A tricky question

CHWell

宰我問曰:「仁者,雖告之曰,『井有仁焉。』其從之也?」子曰:「何為其然也?君子可逝也,不可陷也;可欺也,不可罔也。」
Zai Yu asked: “If a good person was told that goodness lies at the bottom of a well, should he jump in after it?” Confucius said: “Why should he? A leader can be enticed down the wrong path, but he won’t allow himself to fall into a trap; he can be deceived, but not made a fool of.”

There is some argument over whether the character仁 (rén/goodness] in the first sentence of this passage was transcribed incorrectly and should in fact have been人[rén/man or person]. If that is the case, the Zai Yu’s question would be:

“If a good person was told that someone had fallen into the bottom of a well, should he jump in to save him?” Confucius said: “Why should he? A leader can be enticed down the wrong path, but he won’t allow himself fall into a trap; he can be deceived, but not made a fool of.”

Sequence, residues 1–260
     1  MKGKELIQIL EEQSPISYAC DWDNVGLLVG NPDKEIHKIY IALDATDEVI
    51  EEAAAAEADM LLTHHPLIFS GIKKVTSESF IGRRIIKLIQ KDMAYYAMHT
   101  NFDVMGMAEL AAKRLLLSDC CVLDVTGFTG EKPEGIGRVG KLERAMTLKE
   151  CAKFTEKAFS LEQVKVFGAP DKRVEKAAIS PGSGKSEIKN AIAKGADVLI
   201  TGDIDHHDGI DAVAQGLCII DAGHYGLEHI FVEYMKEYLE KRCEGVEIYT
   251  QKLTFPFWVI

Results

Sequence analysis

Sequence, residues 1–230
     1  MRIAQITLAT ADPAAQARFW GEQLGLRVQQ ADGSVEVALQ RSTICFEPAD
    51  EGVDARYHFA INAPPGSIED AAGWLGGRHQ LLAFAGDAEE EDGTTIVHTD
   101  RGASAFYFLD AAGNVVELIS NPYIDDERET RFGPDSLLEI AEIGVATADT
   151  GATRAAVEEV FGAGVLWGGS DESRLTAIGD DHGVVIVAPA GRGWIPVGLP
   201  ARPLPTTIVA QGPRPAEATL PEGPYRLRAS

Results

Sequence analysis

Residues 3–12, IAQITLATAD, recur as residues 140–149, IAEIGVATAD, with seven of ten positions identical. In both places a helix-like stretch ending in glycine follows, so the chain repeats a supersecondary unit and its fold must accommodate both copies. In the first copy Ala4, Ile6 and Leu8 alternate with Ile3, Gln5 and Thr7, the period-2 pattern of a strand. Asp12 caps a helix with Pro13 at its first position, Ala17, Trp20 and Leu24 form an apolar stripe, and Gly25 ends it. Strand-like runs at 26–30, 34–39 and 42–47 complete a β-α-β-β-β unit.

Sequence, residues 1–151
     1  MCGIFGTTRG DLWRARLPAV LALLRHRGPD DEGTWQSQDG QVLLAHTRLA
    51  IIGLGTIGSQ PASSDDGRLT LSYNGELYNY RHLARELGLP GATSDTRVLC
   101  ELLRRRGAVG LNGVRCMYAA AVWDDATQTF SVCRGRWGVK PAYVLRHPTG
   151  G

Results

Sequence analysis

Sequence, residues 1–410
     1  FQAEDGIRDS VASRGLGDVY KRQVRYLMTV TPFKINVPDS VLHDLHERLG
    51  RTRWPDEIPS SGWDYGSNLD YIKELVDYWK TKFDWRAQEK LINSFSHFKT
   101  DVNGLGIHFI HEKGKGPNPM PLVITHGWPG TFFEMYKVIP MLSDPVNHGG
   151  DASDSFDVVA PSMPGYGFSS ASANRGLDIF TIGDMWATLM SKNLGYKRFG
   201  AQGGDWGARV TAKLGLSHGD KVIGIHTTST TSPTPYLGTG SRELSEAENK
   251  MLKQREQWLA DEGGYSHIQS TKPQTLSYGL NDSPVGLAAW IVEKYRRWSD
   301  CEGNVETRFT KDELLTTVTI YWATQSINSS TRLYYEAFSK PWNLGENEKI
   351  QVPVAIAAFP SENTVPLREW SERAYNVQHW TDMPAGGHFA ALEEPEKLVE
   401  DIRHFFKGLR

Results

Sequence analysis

Whichever version is correct, this doesn’t make Confucius’s rather testy response to his disciple any easier to decipher. Indeed, you almost get the feeling that Confucius senses that Zai Yu is attempting to lay a trap for him with his seemingly innocuous question and as a result deliberately gives him an ambiguous answer so as not be drawn further into it.

Perhaps Confucius is saying that while you need to be brave when pursuing goodness or answering a call to rescue someone from danger, you shouldn’t allow yourself be too reckless. You should stop at the edge of the well to make sure that everything is as people say it is before jumping into it.

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